After-school programs help students succeed in school and in life and provide invaluable support to communities. As we’ve seen this year, these programs play an especially important role when students, families, and communities are struggling.
Programs across the country have stepped up in the pandemic, providing virtual educational activities, delivering meals and enrichment kits, helping families bridge the digital divide, connecting people to social services, and continuing in-person care for the children of essential workers and first responders.
Unfortunately, a large majority of afterschool programs that were open in the fall of 2020 report they are straining to meet the needs of the students and families they have long supported. National surveys of parents and after-school providers conducted by Edge Research for the Afterschool Alliance, a nonprofit awareness and advocacy group, find that programs and parents are challenged by virtual learning; program budgets are inadequate to address new safety protocols and students’ emerging needs; and students from low-income families are now less likely than others to have access to after-school programs.
To underscore the value of after-school programs and the need to invest in them, the Afterschool Alliance recently organized the 21st annual “Lights On Afterschool,” the only national rally for afterschool. It took place throughout the fall and included local, state, and national events – many of them virtual this year – showcasing the skills students hone and talents they develop at their after-school programs. From virtual STEM fairs and art contests to car caravans and letter-writing to isolated nursing home residents, events focused on academics, civic engagement, STEM education, social and emotional wellbeing, bullying prevention, mental and physical health, and more.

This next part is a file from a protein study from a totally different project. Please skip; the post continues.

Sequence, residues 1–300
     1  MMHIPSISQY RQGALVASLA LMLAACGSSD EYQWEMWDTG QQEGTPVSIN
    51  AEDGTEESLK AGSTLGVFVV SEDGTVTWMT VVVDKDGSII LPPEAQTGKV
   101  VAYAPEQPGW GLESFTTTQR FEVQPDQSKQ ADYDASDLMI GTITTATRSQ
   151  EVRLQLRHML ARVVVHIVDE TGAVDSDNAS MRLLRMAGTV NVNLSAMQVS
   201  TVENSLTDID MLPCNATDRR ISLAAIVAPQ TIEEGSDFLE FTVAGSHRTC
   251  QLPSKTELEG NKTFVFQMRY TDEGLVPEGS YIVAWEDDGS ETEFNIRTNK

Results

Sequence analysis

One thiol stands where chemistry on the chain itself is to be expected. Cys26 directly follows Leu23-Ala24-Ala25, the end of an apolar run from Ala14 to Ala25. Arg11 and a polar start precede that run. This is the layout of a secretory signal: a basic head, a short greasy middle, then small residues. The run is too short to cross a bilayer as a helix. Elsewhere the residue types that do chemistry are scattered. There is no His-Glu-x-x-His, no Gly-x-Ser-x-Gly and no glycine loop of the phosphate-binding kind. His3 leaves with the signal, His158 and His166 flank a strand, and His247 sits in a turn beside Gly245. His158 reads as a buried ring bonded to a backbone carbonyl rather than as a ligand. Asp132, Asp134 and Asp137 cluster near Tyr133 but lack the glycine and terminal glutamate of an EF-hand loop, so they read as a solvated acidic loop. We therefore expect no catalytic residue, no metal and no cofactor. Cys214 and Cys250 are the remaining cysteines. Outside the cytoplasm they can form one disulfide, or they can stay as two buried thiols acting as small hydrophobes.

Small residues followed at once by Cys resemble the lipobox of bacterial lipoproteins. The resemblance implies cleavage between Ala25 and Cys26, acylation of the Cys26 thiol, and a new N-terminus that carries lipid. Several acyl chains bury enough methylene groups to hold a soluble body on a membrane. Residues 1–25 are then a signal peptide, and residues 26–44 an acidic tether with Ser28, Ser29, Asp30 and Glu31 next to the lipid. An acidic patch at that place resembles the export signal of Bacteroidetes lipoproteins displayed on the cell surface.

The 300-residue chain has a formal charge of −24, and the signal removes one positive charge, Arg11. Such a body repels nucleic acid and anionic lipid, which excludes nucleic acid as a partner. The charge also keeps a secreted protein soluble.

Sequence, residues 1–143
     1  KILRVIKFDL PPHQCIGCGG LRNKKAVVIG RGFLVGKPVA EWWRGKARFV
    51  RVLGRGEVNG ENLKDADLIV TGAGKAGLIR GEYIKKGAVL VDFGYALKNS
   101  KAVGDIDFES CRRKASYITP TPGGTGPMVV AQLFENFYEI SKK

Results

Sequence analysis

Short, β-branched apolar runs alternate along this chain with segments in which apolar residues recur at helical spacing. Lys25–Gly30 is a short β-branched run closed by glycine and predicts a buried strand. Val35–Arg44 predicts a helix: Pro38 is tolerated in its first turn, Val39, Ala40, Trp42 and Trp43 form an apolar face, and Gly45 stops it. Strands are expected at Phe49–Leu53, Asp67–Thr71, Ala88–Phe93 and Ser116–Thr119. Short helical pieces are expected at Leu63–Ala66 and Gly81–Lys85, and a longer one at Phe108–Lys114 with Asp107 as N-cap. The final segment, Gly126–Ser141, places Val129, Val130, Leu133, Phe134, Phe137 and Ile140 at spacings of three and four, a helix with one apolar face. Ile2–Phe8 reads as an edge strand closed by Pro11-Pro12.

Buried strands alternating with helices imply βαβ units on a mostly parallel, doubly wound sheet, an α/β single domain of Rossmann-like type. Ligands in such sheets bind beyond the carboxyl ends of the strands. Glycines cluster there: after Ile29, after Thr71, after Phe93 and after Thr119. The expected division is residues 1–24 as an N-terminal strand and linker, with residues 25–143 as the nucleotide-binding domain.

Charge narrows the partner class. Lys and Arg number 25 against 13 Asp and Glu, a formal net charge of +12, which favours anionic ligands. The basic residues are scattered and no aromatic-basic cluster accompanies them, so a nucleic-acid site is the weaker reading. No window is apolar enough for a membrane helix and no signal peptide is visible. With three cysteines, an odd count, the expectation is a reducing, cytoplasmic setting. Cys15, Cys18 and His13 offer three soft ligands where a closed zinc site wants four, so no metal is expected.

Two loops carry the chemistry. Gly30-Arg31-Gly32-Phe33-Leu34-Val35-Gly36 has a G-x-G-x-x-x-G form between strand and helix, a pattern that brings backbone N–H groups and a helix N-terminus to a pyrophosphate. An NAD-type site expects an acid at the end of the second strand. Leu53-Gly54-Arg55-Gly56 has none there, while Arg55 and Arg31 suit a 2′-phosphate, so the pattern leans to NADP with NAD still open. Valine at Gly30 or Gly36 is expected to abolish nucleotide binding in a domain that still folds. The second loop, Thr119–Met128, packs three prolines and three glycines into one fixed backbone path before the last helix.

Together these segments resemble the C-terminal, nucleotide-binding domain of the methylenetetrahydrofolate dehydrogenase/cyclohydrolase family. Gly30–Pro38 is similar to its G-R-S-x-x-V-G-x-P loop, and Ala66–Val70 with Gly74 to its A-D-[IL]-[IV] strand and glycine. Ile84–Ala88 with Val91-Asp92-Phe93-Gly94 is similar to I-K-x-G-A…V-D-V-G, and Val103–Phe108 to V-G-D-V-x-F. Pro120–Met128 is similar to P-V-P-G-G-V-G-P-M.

“The strength and resilience afterschool programs demonstrated in 2020 was remarkable. Despite scarce resources, programs found ways to help students through what has been, for many families, the hardest of times,” says Jodi Grant, executive director of the Afterschool Alliance. “However, there aren’t nearly enough afterschool programs to meet the need, especially now, with so many schools functioning virtually and with school schedules changing without warning. We need to invest much more in afterschool and summer learning programs.”
To learn more about the Afterschool Alliance and “Lights On Afterschool,” which will next be held on Oct. 28 visit aftershoolalliance.org.
“In normal times, afterschool programs help students succeed by keeping them safe, inspiring them to learn, and by supporting working parents,” says Grant. “During a pandemic, the support they provide is even more essential.”